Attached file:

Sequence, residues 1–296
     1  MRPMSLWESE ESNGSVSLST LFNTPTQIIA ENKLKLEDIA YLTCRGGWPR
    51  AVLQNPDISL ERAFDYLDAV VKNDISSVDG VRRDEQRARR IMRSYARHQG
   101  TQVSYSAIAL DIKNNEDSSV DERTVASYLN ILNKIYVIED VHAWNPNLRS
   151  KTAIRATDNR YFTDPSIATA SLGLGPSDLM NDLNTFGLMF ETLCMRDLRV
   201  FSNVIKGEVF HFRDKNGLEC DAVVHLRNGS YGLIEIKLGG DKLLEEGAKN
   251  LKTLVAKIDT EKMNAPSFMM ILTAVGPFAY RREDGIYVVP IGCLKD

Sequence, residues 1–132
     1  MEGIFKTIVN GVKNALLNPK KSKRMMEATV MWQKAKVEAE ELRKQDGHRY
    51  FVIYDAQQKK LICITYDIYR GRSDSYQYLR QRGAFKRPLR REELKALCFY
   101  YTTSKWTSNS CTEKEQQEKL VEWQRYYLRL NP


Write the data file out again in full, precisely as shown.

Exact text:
Sequence, residues 1–296
     1  MRPMSLWESE ESNGSVSLST LFNTPTQIIA ENKLKLEDIA YLTCRGGWPR
    51  AVLQNPDISL ERAFDYLDAV VKNDISSVDG VRRDEQRARR IMRSYARHQG
   101  TQVSYSAIAL DIKNNEDSSV DERTVASYLN ILNKIYVIED VHAWNPNLRS
   151  KTAIRATDNR YFTDPSIATA SLGLGPSDLM NDLNTFGLMF ETLCMRDLRV
   201  FSNVIKGEVF HFRDKNGLEC DAVVHLRNGS YGLIEIKLGG DKLLEEGAKN
   251  LKTLVAKIDT EKMNAPSFMM ILTAVGPFAY RREDGIYVVP IGCLKD

Sequence, residues 1–132
     1  MEGIFKTIVN GVKNALLNPK KSKRMMEATV MWQKAKVEAE ELRKQDGHRY
    51  FVIYDAQQKK LICITYDIYR GRSDSYQYLR QRGAFKRPLR REELKALCFY
   101  YTTSKWTSNS CTEKEQQEKL VEWQRYYLRL NP